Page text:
Sports legacy of London 2012 unlikely to be long-term: research

By Michael Smith (Veshengro)

University of Kent study into legacy of 2004 Athens Olympics finds only temporary impact on sports participation in Greece and casts serious doubt on a long sporting legacy for the London 2012 games.

The London Olympics may fail to boost the number of people participating in sport in Britain, according to research. A sporting legacy with more people taking part in activities at grassroots level was at the heart of the London 2012 bid.

But we were told that we were going to have all those great benefits, in way of sports participation and in way of useful stadia, etc., that would be benefiting the local community, and so on, and that is why we needed to have the Olympic in London.

None of this, however, is being borne out in reality and talk is, for instance, of the total destruction of the main stadium afterwards to turn it into a soccer stadium for one of London's premier clubs. Sorry, but how is that benefiting the community? I must have missed something here.

A study conducted by the University of Kent into the legacy of the 2004 Athens Olympics has found there was at best only a temporary impact on people taking up sport.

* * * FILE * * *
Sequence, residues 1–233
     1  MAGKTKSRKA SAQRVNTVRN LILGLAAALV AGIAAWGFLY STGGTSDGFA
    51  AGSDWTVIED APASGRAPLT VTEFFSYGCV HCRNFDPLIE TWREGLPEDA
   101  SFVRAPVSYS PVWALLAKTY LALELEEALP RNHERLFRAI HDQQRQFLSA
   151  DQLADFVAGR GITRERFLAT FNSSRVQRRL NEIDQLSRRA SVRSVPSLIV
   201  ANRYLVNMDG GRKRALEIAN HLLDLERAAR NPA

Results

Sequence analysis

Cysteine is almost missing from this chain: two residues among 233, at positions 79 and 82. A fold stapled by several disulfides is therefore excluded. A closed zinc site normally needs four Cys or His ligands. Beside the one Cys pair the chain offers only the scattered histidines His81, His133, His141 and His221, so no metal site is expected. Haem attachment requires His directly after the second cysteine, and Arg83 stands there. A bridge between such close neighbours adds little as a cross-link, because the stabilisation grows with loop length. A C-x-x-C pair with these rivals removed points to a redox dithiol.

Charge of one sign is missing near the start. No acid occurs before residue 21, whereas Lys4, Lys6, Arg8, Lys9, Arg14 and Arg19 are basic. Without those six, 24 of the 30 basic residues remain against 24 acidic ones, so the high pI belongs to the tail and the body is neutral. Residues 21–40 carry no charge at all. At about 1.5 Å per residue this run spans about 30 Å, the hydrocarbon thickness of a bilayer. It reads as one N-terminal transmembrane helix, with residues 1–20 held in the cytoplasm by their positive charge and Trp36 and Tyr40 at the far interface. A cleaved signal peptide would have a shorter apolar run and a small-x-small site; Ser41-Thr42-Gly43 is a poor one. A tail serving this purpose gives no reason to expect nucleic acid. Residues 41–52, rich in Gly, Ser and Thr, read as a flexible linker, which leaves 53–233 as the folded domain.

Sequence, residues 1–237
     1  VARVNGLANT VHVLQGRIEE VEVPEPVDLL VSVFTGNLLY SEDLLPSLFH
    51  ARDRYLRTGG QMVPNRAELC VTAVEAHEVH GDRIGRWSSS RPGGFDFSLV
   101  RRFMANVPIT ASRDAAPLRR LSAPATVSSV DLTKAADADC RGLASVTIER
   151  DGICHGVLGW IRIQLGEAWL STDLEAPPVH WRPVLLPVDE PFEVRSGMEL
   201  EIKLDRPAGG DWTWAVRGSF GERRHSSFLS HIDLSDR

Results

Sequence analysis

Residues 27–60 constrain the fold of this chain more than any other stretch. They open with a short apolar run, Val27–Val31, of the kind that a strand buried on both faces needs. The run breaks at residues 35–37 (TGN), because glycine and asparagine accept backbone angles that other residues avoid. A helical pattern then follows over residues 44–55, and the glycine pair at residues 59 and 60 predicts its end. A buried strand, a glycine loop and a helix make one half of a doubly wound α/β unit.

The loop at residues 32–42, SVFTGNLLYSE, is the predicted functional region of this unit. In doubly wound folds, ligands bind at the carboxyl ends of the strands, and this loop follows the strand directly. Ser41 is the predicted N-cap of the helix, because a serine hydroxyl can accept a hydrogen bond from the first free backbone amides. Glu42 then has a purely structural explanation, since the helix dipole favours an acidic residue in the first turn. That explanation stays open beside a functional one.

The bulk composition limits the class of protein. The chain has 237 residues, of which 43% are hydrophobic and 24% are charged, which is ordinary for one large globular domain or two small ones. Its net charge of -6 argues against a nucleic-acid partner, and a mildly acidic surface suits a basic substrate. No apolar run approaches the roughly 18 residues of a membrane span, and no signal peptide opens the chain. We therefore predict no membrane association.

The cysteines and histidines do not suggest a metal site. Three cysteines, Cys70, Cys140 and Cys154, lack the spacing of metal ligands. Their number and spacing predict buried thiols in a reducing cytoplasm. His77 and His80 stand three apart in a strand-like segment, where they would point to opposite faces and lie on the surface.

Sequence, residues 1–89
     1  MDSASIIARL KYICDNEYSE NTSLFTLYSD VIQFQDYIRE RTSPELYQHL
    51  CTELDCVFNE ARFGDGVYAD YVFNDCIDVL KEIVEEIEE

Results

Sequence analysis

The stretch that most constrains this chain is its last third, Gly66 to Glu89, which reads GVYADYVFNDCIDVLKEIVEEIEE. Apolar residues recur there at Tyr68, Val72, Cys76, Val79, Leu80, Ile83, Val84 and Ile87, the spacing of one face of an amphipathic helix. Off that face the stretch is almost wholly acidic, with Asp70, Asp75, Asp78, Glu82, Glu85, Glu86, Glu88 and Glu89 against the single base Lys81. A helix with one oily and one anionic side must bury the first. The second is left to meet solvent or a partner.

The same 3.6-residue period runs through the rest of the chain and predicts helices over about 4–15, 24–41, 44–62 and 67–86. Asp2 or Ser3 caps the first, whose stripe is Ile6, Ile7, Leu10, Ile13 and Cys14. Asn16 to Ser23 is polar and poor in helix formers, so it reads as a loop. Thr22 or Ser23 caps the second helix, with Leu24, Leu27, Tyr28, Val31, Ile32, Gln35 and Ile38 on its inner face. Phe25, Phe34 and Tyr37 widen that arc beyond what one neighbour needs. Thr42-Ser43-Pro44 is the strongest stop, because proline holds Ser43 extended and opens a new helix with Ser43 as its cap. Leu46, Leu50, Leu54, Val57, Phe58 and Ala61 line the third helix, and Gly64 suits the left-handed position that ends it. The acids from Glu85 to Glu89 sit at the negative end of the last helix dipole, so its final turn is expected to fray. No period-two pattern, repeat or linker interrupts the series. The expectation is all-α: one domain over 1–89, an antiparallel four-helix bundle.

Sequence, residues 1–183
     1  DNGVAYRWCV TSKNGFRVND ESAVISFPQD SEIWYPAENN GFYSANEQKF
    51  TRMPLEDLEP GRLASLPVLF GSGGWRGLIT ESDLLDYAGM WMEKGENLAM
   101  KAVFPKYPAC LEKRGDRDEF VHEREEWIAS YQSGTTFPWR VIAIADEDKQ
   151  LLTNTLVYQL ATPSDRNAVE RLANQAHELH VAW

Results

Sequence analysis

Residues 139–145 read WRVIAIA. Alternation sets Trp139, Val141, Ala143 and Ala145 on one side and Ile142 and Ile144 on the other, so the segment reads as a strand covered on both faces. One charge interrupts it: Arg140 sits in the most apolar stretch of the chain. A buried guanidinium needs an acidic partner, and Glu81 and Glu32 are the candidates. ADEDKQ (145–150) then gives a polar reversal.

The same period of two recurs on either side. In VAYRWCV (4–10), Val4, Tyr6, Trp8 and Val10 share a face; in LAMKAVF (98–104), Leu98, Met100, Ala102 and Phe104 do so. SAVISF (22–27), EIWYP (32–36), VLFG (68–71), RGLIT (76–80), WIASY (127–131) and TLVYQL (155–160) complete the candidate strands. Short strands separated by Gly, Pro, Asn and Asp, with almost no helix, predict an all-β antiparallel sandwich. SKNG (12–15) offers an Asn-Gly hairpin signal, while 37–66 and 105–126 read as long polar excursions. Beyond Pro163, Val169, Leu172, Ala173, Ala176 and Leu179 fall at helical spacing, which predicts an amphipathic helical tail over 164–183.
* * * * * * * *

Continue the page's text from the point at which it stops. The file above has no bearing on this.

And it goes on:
What is evident from the statistics in Greece is that rather than producing a lasting impact on a generation of people who are excited about sport, the Games in Greece had at best only a temporary impact on participation in sport and physical activity.

The data for the Greek population suggests that, if a broader strategy towards an active lifestyle is not implemented, then sporting excitement on its own will not sustain participation.

Businesses and people, especially an old-established Gypsy Site, had to make way for the development of the Olympic facilities which, as it turns out more and more by now, will not remain for community use at all, will be sold off, and/or redeveloped for profit.

According to data from Greece there may be a reduction and possibly a rebound effect, even, where participation drops to levels lower even than during the pre-Olympic period. Not at all what Lord Coe and the crew were telling us all.

This has nothing to do with any benefits for the community, making people more active, and all that, but everything with prestige and stupidity and is nothing but a huge waste of money for which London tax payers will be forking out for many, many years to come. We should have let the games go the Paris who so desperately wanted them. They are not benefiting London and Britain one bit.

© 2011